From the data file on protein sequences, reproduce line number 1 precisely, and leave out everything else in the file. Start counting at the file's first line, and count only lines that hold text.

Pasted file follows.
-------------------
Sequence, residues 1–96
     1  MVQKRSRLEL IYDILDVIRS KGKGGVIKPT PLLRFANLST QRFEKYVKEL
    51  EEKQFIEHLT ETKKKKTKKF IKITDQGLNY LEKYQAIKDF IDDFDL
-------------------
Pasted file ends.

Sequence, residues 1–96